I watched the Sunday afternoon session of LDS general conference yesterday while I was folding laundry. From an outsider’s perspective, there wasn’t much of interest. Church members are abuzz about the announcement of a temple in Rome, Italy, but I wonder how they will possibly fill even one of the tiny mini-temples in a country with so few Mormons. For whatever reason, no one is excited about the new temple to be built in “greater Kansas City.” If you think about it, what is located in greater Kansas City? That’s right, Independence, Missouri, future site of the New Jerusalem. Could this temple announcement be the harbinger of the end times? Enquiring minds want to know.

But what struck me most of all is the strange, lilting cadence of conference-speak. You know what I mean. It’s almost as if someone were reading a bedtime story to a child. The most pronounced conference-speakers are Thomas Monson and Russell Nelson. Monson was in full c-speak mode even when talking about the “owners and operators of satellite and cable systems.” Nelson issued a forceful defense of the church’s stand on same-sex marriage that was somewhat muted by the dulcet tones of his voice.

I’m not pointing this out to be critical, but I started wondering about how this particular method of public speaking came about. I don’t think it originated with the early leaders of the LDS church. I somehow can’t imagine that Joseph Smith’s daring, almost boastful, discourses were given in conference-speak. Nor would Brigham Young have spoken so softly in proclaiming such doctrines as Adam-God and Blood Atonement.

But somehow, somewhere, this weird speech pattern crept in, and we’re left with Keith McMullin of the Presiding Bishopric, a strained smile on his face, speaking of a miracle that took place in a “HHHAHH-spit-hull.”


4 Responses to Conference-speak

  1. K*tty says:

    Boy, do I get the conference speak tone. Before we had cable, you could get conference on the radio. It was always easy to find even if you were unsure of the station. There would be the normal voices of talk radio and then suddenly that sing-ee (not really a word) monotone voice would beam in. It didn’t matter which speaker you missed, they all had that same tone. Maybe to the righteous, it is a voice only they can tune into and be at rapt attention. For me, I could never do it, not in all my glorious days of devout activity. So I am sure that TBMs would say, that even at 11 years old, I did not have the “spirit.” When I was active, I use to say, “I will read it, but I just can’t listen to it, it’s tooooooo painful.”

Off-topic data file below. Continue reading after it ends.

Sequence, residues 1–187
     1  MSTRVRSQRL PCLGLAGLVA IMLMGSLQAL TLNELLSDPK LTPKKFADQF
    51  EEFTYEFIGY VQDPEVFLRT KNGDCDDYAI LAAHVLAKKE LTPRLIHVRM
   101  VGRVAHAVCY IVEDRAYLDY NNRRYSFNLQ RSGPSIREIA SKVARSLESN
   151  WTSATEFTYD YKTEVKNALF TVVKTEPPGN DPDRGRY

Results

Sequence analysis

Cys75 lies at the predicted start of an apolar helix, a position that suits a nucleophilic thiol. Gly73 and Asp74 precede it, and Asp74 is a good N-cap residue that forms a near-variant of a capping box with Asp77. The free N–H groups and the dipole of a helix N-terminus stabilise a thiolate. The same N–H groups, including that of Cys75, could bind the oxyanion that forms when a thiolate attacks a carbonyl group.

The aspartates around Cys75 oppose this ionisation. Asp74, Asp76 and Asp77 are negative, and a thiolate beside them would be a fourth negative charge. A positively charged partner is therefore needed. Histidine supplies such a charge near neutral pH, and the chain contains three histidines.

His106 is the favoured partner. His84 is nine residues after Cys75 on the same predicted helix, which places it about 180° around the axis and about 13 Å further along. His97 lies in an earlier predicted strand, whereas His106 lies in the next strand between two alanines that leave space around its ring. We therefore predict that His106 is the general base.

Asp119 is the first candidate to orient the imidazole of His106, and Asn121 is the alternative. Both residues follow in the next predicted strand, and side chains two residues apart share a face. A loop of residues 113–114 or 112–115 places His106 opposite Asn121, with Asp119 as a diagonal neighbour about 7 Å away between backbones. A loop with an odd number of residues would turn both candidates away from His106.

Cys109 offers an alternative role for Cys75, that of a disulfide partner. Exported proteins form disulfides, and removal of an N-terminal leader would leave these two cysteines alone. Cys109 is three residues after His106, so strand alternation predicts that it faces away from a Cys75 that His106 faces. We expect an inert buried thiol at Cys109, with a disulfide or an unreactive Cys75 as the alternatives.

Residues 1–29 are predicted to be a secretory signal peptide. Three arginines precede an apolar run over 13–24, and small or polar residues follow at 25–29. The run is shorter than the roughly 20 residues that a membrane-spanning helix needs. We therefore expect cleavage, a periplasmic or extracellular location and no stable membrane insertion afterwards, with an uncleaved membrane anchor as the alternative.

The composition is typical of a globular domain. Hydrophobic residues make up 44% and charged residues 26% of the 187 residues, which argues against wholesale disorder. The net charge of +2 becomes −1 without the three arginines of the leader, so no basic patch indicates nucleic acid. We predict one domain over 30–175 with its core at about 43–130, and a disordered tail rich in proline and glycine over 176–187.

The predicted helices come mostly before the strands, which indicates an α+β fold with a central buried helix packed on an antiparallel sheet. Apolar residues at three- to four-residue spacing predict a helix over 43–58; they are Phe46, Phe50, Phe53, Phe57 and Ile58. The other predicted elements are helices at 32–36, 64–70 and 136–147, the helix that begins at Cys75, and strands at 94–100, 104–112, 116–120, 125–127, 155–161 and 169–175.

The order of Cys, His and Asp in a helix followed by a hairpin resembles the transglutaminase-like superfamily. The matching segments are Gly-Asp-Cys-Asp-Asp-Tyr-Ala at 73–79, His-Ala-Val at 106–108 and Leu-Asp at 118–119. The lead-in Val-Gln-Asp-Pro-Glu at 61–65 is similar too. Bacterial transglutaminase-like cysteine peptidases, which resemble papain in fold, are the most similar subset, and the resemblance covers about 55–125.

2. sideon says:

    Conference-speak originated about the same time as the secret underwear. If God mandated holy thongs, I’m sure the speakers would talk normally again.

    I’m wondering if leather would be an option?

  3. >>Nor would Brigham Young have spoken so softly in proclaiming such doctrines as Adam-God and Blood Atonement.

    That’s an understatement! Brigham was a typically rowdy, foul-mouthed frontier orator. The JoD edits out most of his more profane language. I suspect that Conference-speak took over around the time that Utah was integrated into the Union and Mormons started to feel the need for respectability in the eyes of outsiders. It happens eventually in every church. Max Weber called it the “routinization of charisma”, and Nathan Hatch has called it the “quest for respectability”. Protestantism generally deals with the problem by spinning off new, rowdy sects from the ones that lose their saltiness, but Mormonism’s centralized structure prohibits such a mechanism. The only hope for the LDS Church, then, is renewal from within: another J. Golden Kimball, perhaps.

  4. Odell says:

    I suspect that conference talk is a product of a dialect introduced by northern European immigrants and a case of imitation of a previous church leader, possibly David McKay or Spencer Kimball, both of whom had very soft, calm voices.

    Do you recall the way that FLDS women spoke when interviewed? One woman said that they were trying to sound like the Prophet Warren Jeffs, since his voice was the holiest voice on earth.

    Places like Wisconsin have had their English pronunciation affected by immigration as had places like Boston, New York and Miami.

    I think the early immigration into Utah has shaped the way English is spoken in that region.

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